After several posts on the subject of sequence of returns (SOR) risk, it's time to tie this subject up in a nice bundle that a normal person (and by that I mean someone who doesn't play around with Mathematica all afternoon for fun) might understand, and to answer the kid's question.
The first thing to know about SOR risk is that you don't have it unless you try to spend down a portfolio of stocks after your retire. (OK, you have it when you're saving to a 401(k) account, too, but it isn't as damaging and there isn't a lot to be done about it). Fixed annuities aren't exposed to SOR risk, and less volatile portfolios that hold bonds, for example, don't have much. A buy-and-hold stock strategy has none.
Assuming you are (or will) try to spend down a stock portfolio after you retire, the thing that you need to know about SOR risk is that average market returns don't tell you everything you need to know about retirement investing. You also need to know the order those market returns will occur.
Here's an example. Looking again at real S&P 500 market returns from 1871 to 2008 provides 108 rolling 30-year scenarios. If we assume a retiree started each of those periods with a million dollars and withdrew $45,000 every year, he or she would go broke in less than thirty years 9 times (8.33% failure rate).
If we graph annualized market returns for those 108 periods against terminal portfolio values (TPV), we find a correlation of only 0.8. (I say "only" because intuition might tell you that average market returns would explain all of the outcome.)
At the bottom left of the chart, you will see that three periods successfully funded 30 years of retirement while averaging only about 3% market return per year. You will also see a portfolio for the period beginning in 1974 that generated a 6.8% annualized market return and failed. (Both circled in red.)
You can win with a 3% average return and lose with a nearly a 7% average. There's no magic here, it's just that the compound growth rate doesn't contain all the information you need to determine if a sequence of returns will lead to successfully funding retirement.
Look directly above any market return, like 6.8%, and you will find a huge range of terminal portfolio values that resulted from the same average return (one failed and one reached a TPV of $4.6M).
When you are spending down a volatile stock portfolio after retiring, in many cases the annual return doesn't predict whether or not you will succeed (7% and above always worked in this limited sample of 108 periods). The sequence of those returns has a large impact.
If you insist on funding retirement by spending down a stock portfolio, your spending strategy will be based on a constant percentage of remaining portfolio balance or something else. If it's based on "something else", like a constant-dollar spending strategy, your terminal portfolio value will be exposed to SOR risk and you might go broke before you die. This includes SWR strategies.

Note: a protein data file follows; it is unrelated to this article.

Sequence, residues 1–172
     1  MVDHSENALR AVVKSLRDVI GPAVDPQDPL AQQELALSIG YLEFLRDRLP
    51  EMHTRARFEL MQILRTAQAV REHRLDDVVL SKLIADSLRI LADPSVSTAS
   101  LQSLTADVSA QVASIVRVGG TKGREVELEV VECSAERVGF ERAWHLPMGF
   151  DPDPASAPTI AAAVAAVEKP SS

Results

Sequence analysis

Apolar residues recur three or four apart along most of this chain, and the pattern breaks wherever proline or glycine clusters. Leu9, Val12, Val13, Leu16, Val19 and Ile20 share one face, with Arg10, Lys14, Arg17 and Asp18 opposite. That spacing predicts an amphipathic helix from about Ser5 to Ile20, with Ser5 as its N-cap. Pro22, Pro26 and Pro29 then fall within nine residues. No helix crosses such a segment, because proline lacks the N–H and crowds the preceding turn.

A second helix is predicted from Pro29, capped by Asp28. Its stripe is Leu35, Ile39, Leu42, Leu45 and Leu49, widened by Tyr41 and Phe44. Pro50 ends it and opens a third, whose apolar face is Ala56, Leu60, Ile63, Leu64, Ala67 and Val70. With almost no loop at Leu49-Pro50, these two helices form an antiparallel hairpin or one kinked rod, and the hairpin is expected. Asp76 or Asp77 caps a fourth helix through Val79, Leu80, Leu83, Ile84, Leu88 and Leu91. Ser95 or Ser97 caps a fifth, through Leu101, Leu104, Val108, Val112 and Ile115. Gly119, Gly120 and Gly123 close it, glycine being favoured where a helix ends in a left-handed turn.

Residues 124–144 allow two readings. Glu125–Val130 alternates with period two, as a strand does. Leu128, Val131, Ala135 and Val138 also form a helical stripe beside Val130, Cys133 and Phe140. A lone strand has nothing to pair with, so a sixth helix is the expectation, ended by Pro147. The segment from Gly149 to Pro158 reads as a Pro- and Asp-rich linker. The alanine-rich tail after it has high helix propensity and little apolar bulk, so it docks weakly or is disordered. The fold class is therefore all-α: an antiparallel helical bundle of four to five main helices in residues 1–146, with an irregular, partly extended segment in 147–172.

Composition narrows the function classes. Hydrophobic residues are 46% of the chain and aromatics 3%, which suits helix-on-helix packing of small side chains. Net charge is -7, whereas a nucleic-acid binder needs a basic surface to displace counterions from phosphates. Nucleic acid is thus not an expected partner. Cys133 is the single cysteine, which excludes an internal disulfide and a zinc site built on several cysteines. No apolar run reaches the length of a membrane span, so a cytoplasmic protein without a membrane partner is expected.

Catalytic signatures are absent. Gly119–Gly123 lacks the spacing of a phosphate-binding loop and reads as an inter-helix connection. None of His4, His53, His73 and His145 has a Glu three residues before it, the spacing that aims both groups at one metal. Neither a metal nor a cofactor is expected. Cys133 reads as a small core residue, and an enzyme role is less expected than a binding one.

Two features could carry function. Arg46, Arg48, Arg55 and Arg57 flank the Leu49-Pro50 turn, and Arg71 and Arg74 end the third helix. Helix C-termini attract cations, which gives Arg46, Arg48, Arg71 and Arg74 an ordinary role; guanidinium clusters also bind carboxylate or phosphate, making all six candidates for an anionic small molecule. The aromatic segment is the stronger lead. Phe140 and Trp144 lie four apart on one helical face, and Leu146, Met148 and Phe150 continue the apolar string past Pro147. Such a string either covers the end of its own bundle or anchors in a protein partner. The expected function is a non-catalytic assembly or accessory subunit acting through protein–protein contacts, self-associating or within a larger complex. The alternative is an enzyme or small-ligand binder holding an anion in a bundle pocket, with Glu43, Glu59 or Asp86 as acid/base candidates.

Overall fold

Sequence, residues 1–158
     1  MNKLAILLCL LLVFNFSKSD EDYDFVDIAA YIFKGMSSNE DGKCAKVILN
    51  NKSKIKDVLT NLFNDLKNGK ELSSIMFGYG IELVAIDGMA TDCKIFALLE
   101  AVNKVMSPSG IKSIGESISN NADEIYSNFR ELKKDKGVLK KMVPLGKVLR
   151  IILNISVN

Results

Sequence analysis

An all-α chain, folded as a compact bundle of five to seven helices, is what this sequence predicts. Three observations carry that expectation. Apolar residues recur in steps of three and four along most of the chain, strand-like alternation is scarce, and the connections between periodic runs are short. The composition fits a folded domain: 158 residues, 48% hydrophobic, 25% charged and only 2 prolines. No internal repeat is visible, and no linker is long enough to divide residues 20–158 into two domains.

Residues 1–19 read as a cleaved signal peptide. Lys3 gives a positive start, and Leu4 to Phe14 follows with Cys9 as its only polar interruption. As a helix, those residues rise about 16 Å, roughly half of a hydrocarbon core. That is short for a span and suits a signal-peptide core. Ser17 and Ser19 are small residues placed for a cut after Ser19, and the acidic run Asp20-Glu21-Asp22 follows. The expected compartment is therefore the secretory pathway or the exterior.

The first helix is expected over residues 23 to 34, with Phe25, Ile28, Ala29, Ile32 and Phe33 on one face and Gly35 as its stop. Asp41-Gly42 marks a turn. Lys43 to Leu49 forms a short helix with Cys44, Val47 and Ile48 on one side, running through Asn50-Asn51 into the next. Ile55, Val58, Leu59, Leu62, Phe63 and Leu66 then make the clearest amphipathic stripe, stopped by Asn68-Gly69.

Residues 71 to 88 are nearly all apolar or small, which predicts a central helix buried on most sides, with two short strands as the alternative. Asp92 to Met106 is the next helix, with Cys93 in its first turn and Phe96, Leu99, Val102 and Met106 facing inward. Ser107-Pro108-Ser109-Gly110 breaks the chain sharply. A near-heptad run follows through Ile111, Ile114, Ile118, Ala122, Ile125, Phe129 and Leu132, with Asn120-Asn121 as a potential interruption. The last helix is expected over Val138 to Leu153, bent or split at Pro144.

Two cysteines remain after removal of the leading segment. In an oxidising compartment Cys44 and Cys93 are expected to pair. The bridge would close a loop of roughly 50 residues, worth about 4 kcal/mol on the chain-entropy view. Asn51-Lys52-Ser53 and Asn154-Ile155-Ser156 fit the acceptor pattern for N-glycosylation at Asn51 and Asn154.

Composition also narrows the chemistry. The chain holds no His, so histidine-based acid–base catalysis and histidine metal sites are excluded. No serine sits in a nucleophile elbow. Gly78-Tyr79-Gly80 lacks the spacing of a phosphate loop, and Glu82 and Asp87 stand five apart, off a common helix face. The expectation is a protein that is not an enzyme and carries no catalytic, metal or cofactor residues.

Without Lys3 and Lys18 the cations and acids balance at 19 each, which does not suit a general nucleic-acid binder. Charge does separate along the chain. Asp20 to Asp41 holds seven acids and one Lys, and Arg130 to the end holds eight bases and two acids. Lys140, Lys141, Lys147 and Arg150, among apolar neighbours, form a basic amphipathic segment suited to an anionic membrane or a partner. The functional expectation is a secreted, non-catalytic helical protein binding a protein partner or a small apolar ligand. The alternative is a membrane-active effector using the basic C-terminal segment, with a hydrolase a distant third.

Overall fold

If you base withdrawals on a percentage of remaining portfolio value, you are less likely to go broke, but your annual payouts will be variable.
If you choose to implement a Safe Withdrawal Rates or other constant-dollar spending strategy, my advice would be the same as in the old joke about the man who tells his doctor, "It hurts when I do this."
Constant-dollar strategies have been repeatedly shown to underperform. Don't do that.
If your advisor tells you that you can withdraw a constant amount from your portfolio after you retire, regardless of how the market performs, get a second opinion. And a third, if necessary.
I suspect that if it weren't for SWR strategies, sequence of return risk would seldom come up. But, when it results in a retiree going broke in old age, as it does with SWR strategies, it gets more attention.
Best way to avoid the risk? Don't do that.
If you do base spending on a percentage of remaining portfolio balance, you will have varied annual payouts, but you are far less likely to go broke.
No matter what spending strategy you choose, a huge market loss early in retirement will decimate your retirement finances. You should begin to reduce your stock allocation at about age 55 until about age 75 to something like 20% or 30%.
Having read my last few posts on this topic, it would be reasonable to assume that I would advise retirees to spend down stock portfolios based on a percentage of remaining portfolio balance and not one based on constant-dollar withdrawals. But I don't.
I advise retirees to set aside the capital they need to generate enough income to cover non-discretionary spending in a safe TIPs bond ladder or fixed annuities. Then you will have some certainty that you can pay the bills. If you have cash left over, then invest that amount in stocks. None of the three (fixed annuities, TIPs ladders, or buy-and-hold stock portfolios) are exposed to SOR risk.
If you simply must spend down a stock portfolio, then percentage withdrawals of remaining balance are far less expensive and risky.
But, seriously. Don't do that.